Sen. Mary Landrieu, D-La., speaks during a hearing on Capitol Hill in Washington. (AP Photo/Manuel Balce Ceneta)

Sen. Mary Landrieu (D-La.), locked in a tough fight for re-election in a deep red state, now has a new line to add to her resume–chairman of the Energy and Natural Resources Committee.

“I am excited and honored to lead this committee that is so critical to Louisiana and the nation’s economic vitality, job creation and energy security,” she said in a statement. “I’m humbled to be a part of the long list of pro-energy senators from both parties who have led this committee with strength, vision and distinction, including one of Louisiana’s finest, J. Bennett Johnston.”

In Louisiana, where oil and gas is the largest industry in the state, providing the most jobs and about $60 billion a year to the economy, the promotion could be a boost to Landrieu, who is struggling against a strong conservative tide and an onslaught of ads linking her to the Affordable Care Act.

Her new role comes as Sen. Max Baucus (D-MT) was confirmed as the U.S. ambassador to China, a move that set off shuffling in other Senate committees–she takes over from Sen. Ron Wyden (D-Ore.)

Landrieu has been out front in backing the Keystone XL pipeline, saying that she is open to a plan that would give President Obama a deadline for making a decision on the future of the project. She has a solid record of voting against curbing emissions, she supports off-shore drilling, and has criticized Obama for backing what she calls, “overzealous regulation.”

Her record puts the conservative Democrat in line with Republicans.

The Louisiana race will be one of the most contested of the midterm cycle, as Republicans only need six seats to gain the majority, and Landrieu’s race could be a pickup opportunity because the state over the last few years has trended heavily Republican.

In the most recent poll, from November, her Republican opponents, Rep. Bill Cassidy and political newcomer Rob Maness drew a combined 44% of the vote.  Louisiana has an open primary election , which means Landrieu must get to 50% of the vote to win outright, otherwise she faces a runoff.

Landrieu  has yet to reach 5o percent in recent polls, but because of the new committee assignment she could get an influx of cash and support from the oil and gas industry, which has supported her in the past.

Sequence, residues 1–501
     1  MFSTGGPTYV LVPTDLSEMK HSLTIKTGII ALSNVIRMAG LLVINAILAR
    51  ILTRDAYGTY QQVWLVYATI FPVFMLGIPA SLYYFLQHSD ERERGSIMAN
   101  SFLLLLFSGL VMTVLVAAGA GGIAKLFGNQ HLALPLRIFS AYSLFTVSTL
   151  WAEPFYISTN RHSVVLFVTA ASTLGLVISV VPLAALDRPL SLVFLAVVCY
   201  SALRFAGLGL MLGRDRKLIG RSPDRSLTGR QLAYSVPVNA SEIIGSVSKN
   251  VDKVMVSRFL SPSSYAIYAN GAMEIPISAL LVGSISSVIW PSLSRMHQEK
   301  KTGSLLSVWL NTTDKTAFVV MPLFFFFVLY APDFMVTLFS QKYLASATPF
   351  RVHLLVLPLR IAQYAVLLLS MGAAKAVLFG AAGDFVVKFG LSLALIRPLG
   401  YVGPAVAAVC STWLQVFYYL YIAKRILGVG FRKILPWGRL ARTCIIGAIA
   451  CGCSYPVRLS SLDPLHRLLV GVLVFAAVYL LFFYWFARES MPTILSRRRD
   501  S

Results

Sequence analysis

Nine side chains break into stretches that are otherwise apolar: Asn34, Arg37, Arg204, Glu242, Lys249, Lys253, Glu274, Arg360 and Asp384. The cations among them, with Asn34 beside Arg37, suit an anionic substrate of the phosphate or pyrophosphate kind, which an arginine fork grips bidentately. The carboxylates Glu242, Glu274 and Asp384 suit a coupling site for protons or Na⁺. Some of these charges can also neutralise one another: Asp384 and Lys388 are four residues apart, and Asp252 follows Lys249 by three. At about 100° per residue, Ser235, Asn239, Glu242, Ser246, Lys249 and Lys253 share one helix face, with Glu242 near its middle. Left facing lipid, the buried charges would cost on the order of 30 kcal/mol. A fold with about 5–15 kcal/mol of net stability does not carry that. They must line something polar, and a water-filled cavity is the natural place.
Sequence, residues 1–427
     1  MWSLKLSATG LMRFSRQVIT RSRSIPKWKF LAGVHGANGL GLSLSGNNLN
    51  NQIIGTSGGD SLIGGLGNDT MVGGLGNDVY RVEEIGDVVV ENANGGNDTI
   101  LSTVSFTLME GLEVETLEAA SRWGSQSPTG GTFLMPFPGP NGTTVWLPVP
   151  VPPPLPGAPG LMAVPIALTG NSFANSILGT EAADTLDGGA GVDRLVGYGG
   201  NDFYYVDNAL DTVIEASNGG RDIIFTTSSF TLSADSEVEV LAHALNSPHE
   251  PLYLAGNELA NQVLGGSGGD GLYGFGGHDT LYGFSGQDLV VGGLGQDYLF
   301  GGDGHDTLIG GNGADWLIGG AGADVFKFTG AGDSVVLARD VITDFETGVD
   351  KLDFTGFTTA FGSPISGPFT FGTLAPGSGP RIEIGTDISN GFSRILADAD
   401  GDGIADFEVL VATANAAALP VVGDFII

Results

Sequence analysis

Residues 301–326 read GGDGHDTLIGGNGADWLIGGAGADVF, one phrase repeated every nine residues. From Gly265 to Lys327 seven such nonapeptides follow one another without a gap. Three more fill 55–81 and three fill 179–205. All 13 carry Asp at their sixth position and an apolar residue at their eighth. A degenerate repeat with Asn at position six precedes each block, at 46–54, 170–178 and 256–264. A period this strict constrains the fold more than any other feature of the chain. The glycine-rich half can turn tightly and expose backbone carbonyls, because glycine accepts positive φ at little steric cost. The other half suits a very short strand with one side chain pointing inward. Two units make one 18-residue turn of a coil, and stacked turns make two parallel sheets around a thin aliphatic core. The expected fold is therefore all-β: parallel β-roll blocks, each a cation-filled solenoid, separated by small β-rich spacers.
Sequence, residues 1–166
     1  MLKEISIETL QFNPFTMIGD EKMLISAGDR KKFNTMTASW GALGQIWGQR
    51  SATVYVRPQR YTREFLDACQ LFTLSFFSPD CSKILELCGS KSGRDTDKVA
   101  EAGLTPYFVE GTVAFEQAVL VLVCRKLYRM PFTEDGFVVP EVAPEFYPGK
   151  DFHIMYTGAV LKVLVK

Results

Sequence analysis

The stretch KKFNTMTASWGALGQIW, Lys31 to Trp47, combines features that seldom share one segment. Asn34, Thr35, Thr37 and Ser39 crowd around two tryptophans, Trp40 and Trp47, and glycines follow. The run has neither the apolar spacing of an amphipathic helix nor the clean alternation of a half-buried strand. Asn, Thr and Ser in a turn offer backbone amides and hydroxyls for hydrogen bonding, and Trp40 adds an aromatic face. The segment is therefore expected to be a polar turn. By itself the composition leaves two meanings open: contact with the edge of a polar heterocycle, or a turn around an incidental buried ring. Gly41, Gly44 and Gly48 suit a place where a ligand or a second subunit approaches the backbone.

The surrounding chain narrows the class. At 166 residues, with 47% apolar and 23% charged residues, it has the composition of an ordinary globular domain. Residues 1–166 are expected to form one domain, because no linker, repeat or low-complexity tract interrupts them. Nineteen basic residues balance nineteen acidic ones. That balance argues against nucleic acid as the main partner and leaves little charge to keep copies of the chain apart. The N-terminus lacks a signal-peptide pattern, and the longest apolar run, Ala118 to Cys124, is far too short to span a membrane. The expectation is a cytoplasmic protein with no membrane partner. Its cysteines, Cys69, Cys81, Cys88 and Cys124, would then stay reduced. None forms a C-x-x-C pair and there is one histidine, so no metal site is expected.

“It’s a bit of a split. Old oil and gas are in her hands and they will support her. But others say “we see some holes in the party’ and think that Bill Cassidy [her Republican opponent] can do better,” said Ragan Dickens, communications director of Louisiana Oil & Gas Association, an industry group. “Does it help her? Will it mean she is more intensely favorable of the industry? Is it enough to say more voters will support her? We don’t know yet.”

The Energy and Natural Resources Committee is one of the most powerful in the Senate and Landrieu’s ascent to chairman reflects her seniority. She was first elected in 1996.

But polls in Louisiana suggest that voters care more about a new fresh voice, rather than seniority.

According to a Southern Media and Opinion Research poll, 56% of voters wanted someone new and 37 percent wanted to make Landrieu a fourth term Senator.

“Louisiana is an energy state and her coronation…it’s a big deal . It won’t hurt her,” said Bernie Pinsonat, a political pollster and consultant, who conducted the survey.  “Her argument will be I’m in a position to help, but they are going to counter that by saying that she may be chairman but the person she votes with is President Obama, who is anti-energy.”

The post could help her in Lafayette, for instance, the energy capital of the state, where she has traditionally done well, and the coastal Southern regions of the state.  But locally, the oil and gas industry is facing a backlash and enjoys something of a love-hate relationship with many residents, because of pollution and other issues that some blame on the industry.

Landrieu has been trying to separate herself from the national party on energy issues as well as others, running more as a governor by focusing on local issues like flood insurance.

“She tries to run local…but the chairmanship identifies her as part of the national Democratic leadership, so it cuts against the local message,” said Roy Fletcher, a political strategist and campaign consultant.”So she is in a difficult situation. Her chances are like they are every time. About 50-50 or slightly less. And that’s on a good day.”